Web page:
U.S. Committee for Refugees World Refugee Survey 2003 - Peru
|Publisher||United States Committee for Refugees and Immigrants|
|Publication Date||1 June 2003|
|Cite as||United States Committee for Refugees and Immigrants, U.S. Committee for Refugees World Refugee Survey 2003 - Peru , 1 June 2003, available at: http://www.refworld.org/docid/3eddc48fc.html [accessed 29 May 2017]|
|Disclaimer||This is not a UNHCR publication. UNHCR is not responsible for, nor does it necessarily endorse, its content. Any views expressed are solely those of the author or publisher and do not necessarily reflect those of UNHCR, the United Nations or its Member States.|
At the end of 2002, Peru hosted about 900 refugees, mostly Cubans, former Yugoslavs, and Iranians. Peru is a party to the UN Refugee Convention and has legislation that provides for granting refugee status.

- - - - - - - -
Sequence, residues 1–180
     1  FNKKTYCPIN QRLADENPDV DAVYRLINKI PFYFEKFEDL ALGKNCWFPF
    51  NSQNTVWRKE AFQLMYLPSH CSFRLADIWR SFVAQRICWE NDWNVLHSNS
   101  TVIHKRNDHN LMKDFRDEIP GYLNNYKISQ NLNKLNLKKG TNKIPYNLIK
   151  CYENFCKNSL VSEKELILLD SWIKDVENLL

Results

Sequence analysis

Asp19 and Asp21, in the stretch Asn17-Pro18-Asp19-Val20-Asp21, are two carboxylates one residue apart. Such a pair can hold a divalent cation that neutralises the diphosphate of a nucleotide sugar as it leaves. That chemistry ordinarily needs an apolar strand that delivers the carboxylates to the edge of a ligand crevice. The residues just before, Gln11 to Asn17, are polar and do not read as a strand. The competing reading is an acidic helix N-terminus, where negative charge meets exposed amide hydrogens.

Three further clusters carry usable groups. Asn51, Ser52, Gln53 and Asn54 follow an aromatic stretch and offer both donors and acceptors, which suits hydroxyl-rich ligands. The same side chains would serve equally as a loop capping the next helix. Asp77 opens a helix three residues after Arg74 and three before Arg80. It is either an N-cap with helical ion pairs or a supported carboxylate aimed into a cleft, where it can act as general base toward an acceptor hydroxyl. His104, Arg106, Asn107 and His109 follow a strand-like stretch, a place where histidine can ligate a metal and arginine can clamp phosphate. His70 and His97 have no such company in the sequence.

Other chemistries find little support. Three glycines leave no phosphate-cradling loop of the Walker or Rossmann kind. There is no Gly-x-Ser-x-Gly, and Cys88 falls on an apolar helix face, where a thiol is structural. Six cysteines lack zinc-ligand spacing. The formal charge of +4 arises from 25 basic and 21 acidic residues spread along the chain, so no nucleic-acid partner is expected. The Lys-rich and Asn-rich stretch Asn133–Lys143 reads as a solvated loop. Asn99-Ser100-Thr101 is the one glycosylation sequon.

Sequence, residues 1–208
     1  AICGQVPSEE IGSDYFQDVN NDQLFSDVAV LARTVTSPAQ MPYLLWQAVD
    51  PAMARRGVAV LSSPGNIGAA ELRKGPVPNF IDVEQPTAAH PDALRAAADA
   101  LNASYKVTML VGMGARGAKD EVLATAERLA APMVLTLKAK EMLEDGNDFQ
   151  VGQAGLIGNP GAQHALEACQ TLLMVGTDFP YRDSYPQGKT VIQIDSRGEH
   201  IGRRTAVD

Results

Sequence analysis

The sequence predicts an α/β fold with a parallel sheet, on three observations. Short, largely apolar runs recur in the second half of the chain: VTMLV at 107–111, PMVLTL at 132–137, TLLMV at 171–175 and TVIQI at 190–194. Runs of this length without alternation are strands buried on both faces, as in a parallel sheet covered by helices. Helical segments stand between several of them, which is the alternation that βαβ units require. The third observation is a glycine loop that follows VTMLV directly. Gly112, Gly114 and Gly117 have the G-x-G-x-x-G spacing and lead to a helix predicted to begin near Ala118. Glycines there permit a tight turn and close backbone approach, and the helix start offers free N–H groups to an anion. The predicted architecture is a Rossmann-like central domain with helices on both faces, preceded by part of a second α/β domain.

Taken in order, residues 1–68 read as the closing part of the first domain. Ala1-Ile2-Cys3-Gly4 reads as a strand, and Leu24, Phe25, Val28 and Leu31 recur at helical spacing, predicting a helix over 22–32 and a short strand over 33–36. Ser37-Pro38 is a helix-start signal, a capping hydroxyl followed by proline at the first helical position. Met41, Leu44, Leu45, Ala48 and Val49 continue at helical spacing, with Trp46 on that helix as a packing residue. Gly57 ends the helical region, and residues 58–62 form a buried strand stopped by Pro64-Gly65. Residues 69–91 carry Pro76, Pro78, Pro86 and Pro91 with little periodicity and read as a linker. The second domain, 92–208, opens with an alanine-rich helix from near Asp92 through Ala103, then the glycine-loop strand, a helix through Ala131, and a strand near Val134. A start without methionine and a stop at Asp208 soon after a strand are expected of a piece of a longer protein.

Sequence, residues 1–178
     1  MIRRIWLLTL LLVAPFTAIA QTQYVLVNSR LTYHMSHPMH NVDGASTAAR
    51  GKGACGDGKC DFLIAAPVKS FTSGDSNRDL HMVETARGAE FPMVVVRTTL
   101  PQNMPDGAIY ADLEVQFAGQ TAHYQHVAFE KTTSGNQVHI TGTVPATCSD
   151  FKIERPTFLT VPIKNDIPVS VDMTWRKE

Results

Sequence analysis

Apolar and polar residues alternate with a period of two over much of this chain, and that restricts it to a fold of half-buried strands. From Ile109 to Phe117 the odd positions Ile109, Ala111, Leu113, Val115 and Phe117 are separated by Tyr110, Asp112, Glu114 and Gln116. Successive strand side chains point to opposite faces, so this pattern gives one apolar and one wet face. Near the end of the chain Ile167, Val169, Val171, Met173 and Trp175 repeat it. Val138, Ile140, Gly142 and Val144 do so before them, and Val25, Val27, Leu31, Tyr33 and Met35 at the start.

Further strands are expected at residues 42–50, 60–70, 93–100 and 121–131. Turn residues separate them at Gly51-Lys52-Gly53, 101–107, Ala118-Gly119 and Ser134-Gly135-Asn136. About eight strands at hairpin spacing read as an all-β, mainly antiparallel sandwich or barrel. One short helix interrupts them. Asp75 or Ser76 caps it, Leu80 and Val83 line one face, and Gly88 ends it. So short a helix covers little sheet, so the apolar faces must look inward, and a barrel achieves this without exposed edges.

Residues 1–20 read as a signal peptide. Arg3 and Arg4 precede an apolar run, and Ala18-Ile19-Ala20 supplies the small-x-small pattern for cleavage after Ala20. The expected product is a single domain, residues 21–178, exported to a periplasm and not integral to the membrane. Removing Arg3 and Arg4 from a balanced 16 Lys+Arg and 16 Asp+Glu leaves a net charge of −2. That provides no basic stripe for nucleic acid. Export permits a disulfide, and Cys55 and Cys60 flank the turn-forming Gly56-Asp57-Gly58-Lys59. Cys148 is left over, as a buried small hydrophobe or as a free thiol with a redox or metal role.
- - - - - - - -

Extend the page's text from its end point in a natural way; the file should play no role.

During the 1980s and early 1990s, a violent insurgency by the Communist Party of Peru, or Shining Path, and a harsh government counterinsurgency campaign ravaged Peru. The conflict left some 25,000 people dead and displaced about 430,000 people. By 1994, the Shining Path insurgents had lost much of their strength, and violence was minimal in most areas. During the late 1990s, thousands of displaced people returned home, but most of the displaced settled permanently in their new locations.
In February 2002, an intrusion by Colombian guerrillas into Peruvian territory in a remote, sparsely populated region led to the temporary displacement of the more than 100 indigenous residents of the Peruvian village of Secoya, in Loreto Department.